The Prime Minister confirmed that the government would also bring forward further proposals on the Northern Ireland backstop. They agreed on the need to resolve these ongoing issues in a timely fashion so that the agreements could be discussed and ratified by UK and European Parliaments”.
Guy Verhofstadt, the chief Brexit negotiator for the European Parliament, has met with Theresa May, the Prime Minister. Verhofstadt also met Jeremy Corbyn, the Leader of the Opposition, for on-going talks about the Brexit negotiations.
A spokesperson for the Prime Minister said:
“This morning the Prime Minister met Guy Verhofstadt MEP at Downing Street, as part of ongoing engagement with representatives from the European Parliament.
The Prime Minister and Mr Verhofstadt discussed the importance of citizens’ rights, including the proposals the UK put forward last week regarding EU citizens arriving during the implementation period. The Prime Minister reiterated that the expectations of those moving to the UK in this period will not be the same as those who arrived before our withdrawal.
The Prime Minister restated her commitment to avoiding a hard border between Ireland and Northern Ireland and noted the importance of officials from the Irish government, the European Commission and the UK meeting to discuss practical solutions.
They discussed the European Parliament’s proposals for an institutional framework to support a close future relationship between the UK and the EU and the Prime Minister explained the vision for the future economic partnership set out in her Mansion House speech.
The Chancellor of the Duchy of Lancaster David Lidington and the Secretary of State for Exiting the EU David Davis attended the meeting. Mr Verhofstadt also met the Home Secretary Amber Rudd after the meeting”.
Verhofstadt said on Twitter:
“So many British people feel and are proud to be European. The welcome I received today in London was overwhelming. It is my priority and that of the European Parliament to make sure that citizens’ rights are protected after Brexit”.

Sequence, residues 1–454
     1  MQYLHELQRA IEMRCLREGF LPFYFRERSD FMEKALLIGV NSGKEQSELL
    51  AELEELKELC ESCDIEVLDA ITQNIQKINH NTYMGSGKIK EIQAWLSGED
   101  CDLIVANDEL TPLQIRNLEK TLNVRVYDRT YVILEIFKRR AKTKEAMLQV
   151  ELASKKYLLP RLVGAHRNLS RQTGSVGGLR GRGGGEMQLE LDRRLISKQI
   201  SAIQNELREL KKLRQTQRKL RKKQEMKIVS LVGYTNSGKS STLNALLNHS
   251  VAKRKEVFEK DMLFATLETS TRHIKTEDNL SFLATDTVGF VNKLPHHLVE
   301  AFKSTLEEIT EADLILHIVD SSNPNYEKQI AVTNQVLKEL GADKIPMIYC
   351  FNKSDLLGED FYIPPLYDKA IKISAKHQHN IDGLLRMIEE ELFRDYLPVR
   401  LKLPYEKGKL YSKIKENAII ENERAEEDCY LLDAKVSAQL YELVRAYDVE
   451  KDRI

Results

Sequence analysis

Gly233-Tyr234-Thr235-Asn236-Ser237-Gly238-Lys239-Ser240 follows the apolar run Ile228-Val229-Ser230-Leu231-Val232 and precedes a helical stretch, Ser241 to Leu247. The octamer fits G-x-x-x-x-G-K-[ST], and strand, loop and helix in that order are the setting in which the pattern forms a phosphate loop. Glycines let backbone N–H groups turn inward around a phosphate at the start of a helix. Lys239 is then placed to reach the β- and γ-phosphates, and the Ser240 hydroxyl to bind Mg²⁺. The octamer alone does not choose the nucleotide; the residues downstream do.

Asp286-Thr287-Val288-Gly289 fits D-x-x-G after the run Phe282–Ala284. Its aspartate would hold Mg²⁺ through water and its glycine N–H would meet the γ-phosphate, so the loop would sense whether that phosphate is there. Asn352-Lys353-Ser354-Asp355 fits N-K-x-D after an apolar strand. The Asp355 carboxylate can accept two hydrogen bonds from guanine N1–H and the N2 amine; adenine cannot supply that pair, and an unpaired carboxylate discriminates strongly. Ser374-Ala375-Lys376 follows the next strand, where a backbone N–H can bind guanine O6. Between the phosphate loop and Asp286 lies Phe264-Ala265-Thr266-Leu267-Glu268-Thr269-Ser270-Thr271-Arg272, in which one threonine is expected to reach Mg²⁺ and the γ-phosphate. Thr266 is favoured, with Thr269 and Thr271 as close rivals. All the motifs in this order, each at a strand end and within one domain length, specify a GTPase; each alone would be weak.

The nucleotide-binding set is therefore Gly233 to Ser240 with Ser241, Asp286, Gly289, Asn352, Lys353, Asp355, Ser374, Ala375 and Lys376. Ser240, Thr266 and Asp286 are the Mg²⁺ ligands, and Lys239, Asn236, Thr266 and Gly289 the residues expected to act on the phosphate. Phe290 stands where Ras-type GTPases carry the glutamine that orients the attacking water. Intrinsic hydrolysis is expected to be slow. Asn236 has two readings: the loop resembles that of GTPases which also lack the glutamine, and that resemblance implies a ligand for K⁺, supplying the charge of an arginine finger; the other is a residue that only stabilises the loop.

Michel Barnier, the EU’s Chief Negotiator, and David Davis, the Secretary of State for Leaving the European Union, have failed to make substantial progress following the recent round of negotiations over Brexit.
Barnier said in a press statement:
“British positions are nostalgic, they involve wanting to benefit from all single market benefits without being in it.”
Davis disagreed with the assessment, saying in a statement:
“This week we’ve had long and detailed negotiations across multiple areas and I think it’s fair to say, we’ve made some concrete progress”.
“Given the current pace of talks there is a real danger that sufficient progress will not be made by October. It would be a very risky strategy to burn negotiating time now in the hope that individual EU leaders will ride to the rescue; it was EU governments who defined Michel Barnier’s negotiating mandate”.
Guy Verhofstadt, the European Parliament’s negotiator has rejected plans laid out by David Davis, the Brexit Secretary, to leave the customs union, whilst temporarily remaining within it.
Verhofstadt said in a statement:
“The new paper announced by the U.K. Government seems to suggest that it is possible to be in and out of the customs union at the same time. Moreover, that an “invisible border” between Ireland and Northern Ireland is feasible. I fear this is all mere fantasy. In any case these discussions will be part of the second phase of the negotiations. First, we need to deal with the issues currently on the table: the rights of the citizens and the financial settlement”.
Davis said, when questioned on ITV’s Good Morning Britain, about what would happen in the interim was unable to give further details, saying:
“What happens in that sort of interim period you will have to leave me to negotiate, I’m afraid”.
David Davis’s authority was also damaged when James Chapman, his former Chief of Staff, launched an attack onto the character of Davis. He said:
“I was with David Davis when he leered over Diane Abbott. He was drunk, bullying and inappropriate”.